Prince William charity uses bank that is one of world’s biggest fossil fuel backers

·3-min read
<span>Photograph: Toby Melville/AP</span>
Photograph: Toby Melville/AP

The charity founded by the Duke of Cambridge, who launched the Earthshot prize, keeps its investments in a bank that is one of the world’s biggest backers of fossil fuels, according to an investigation.

The Royal Foundation, the charity set up by the Cambridges, also places more than half of its investments in a fund – advertised as green – that owns shares in large food companies. Some of these firms buy palm oil from companies linked to deforestation, the investigation by the Associated Press (AP) claimed.

Prince William, a keen environmentalist, is quoted on the websites of the Earthshot prize and Royal Foundation as saying: “The Earth is at a tipping point and we face a stark choice.”

Yet in 2021 the charity kept more than £1.1m with JP Morgan Chase, according to the most recent filings, and still invests with the corporation, AP reported. The foundation also held £1.7m in a fund run by the British firm Cazenove Capital, according to the 2021 filing, the agency said.

As with JP Morgan, it still keeps funds with Cazenove, which in May had securities allegedly linked to deforestation through the use of palm oil. The foundation invested similar amounts in both funds in 2020, its older filings show. As of December 2021, the charity also held more than £10m in cash, it was reported.

The investments, which are not disputed by the foundation, come as scientists repeatedly warn the world must shift away from fossil fuels to reduce emissions and avoid more and increasingly intense extreme weather events.

Contacted by the Guardian, a Kensington Palace spokesperson said: “The Royal Foundation has followed the Church of England guidelines on ethical investment since 2015, and goes beyond these to prohibit investment in fossil fuel companies. We take our investment policies extremely seriously and review them regularly.”

The foundation stressed Cazenove was instructed to operate within its strict investment policy that follows the C of E investment guidance, and additionally its exclusions on fossil fuel companies.

A small management fee is paid on its investment to JP Morgan Asset Management and Cazenove Charity Responsible Multi-Asset Fund. The trustees take overall responsibility for the charity and its work, the foundation said.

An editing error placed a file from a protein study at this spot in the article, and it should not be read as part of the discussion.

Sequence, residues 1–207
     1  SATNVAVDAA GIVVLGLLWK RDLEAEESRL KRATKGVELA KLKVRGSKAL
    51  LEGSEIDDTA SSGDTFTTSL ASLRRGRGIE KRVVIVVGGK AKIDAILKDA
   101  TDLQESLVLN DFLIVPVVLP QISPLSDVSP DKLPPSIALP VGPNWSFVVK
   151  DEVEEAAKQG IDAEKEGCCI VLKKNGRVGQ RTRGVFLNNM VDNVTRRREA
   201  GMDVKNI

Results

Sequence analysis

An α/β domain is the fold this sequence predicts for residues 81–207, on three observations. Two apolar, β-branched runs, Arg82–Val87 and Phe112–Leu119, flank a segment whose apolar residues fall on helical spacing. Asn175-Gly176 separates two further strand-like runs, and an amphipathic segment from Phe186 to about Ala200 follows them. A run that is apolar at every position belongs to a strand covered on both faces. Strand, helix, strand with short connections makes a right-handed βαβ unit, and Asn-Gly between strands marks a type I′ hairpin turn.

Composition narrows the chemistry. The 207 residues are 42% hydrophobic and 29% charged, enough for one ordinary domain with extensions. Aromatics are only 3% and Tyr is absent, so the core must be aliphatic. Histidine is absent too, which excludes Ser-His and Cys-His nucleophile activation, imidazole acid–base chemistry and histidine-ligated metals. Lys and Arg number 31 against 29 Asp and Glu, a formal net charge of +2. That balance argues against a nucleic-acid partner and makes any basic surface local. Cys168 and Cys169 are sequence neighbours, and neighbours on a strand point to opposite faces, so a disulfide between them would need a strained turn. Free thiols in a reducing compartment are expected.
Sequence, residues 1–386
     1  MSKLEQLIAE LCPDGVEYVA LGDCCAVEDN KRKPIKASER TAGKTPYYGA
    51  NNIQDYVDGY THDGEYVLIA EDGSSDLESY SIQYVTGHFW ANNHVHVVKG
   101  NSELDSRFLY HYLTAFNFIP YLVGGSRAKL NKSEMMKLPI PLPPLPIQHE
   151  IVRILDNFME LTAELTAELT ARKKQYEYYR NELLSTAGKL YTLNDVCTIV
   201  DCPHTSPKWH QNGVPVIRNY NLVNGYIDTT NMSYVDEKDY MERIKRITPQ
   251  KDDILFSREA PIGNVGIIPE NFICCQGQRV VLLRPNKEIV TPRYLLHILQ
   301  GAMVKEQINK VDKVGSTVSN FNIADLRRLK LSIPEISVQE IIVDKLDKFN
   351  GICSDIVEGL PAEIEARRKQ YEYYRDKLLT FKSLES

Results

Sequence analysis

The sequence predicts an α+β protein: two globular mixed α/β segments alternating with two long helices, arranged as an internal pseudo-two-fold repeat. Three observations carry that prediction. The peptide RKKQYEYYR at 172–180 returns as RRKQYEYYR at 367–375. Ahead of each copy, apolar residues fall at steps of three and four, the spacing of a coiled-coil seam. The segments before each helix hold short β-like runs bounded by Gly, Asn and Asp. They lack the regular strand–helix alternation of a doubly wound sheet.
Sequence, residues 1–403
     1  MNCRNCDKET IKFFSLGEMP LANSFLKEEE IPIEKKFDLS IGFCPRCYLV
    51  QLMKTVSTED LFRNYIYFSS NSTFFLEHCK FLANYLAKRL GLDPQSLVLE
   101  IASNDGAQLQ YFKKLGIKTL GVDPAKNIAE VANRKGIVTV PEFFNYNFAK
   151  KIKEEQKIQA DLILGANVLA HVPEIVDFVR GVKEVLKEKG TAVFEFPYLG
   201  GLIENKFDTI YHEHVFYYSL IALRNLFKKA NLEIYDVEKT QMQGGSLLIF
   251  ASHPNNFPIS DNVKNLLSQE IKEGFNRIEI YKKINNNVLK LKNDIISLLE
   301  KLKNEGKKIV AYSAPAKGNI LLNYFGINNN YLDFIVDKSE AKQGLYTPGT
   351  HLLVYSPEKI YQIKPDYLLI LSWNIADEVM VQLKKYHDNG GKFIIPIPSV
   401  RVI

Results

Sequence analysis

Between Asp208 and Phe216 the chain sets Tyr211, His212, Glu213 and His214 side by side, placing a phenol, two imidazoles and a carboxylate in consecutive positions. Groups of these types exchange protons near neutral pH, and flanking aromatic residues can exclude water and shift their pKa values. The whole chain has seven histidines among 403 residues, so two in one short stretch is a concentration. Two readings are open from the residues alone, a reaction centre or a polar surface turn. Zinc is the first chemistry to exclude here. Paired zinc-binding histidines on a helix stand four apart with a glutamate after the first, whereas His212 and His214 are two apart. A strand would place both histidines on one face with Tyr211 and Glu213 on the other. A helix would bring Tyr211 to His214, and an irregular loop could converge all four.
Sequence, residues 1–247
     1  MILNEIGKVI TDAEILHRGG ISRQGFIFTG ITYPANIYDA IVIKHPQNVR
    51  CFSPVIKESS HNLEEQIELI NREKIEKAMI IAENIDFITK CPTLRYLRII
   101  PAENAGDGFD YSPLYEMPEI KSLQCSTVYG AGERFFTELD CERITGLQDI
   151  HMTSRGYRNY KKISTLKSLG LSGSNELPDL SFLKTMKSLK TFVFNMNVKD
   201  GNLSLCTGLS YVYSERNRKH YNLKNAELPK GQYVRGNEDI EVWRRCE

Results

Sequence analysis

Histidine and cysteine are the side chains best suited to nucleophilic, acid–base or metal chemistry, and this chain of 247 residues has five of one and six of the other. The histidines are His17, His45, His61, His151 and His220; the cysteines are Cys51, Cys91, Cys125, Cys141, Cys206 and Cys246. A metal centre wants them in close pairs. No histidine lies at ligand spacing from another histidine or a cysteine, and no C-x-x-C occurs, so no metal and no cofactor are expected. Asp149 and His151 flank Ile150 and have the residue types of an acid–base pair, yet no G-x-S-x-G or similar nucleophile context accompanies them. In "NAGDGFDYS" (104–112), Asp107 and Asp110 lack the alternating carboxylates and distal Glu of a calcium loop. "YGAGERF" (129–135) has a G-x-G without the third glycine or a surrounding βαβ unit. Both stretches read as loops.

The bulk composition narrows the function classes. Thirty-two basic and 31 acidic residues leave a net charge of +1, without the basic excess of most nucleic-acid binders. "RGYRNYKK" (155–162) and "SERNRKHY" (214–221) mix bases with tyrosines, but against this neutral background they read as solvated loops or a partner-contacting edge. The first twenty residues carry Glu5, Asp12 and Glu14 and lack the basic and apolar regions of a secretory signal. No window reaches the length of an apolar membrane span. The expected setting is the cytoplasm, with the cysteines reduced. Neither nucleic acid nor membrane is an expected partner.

Compared with some other charities, the Royal Foundation’s investments are said to be small, with little impact on the climate crisis. But they are not in line with the ethos of the foundation, which lists conservation and mental health as main points of emphasis, or William’s public statements, AP reported.

The Earthshot prize, a “global search for solutions to save our planet”, awards grants of up £1m each year to projects confronting environmental challenges. In July the Royal Foundation announced the prize had become an independent charity and William would be its president.

JP Morgan Asset Management declined to comment on questions about charities investing in its products despite its record of financing fossil fuels, AP said.

Bloomberg datashows JP Morgan has underwritten more bonds and loans for the fossil fuel industry and earned greater fees than its competitors in the five years up to 2021, it said.

The environmental NGO Rainforest Action Network looked at direct loans and stock ownership along with bonds and estimated that between 2016 and 2021, JP Morgan’s banking arm financed fossil fuel companies with $382bn (£320bn). This was more than any other bank, AP reported.

While the Cazenove fund is marketed as “sustainable”, as of 31 May the fund held almost $6m of shares in Nestlé, and shares worth $8.1m in Reckitt Benckiser, according to Morningstar Direct data, AP reported. Nestlé and Reckitt Benckiser have faced claims over palm oil supplies from Papua New Guinea, the NGO said.

Kate Rogers, the head of sustainability at Cazenove Capital, told AP the company had engaged with Nestlé and Reckitt, and had seen progress on deforestation.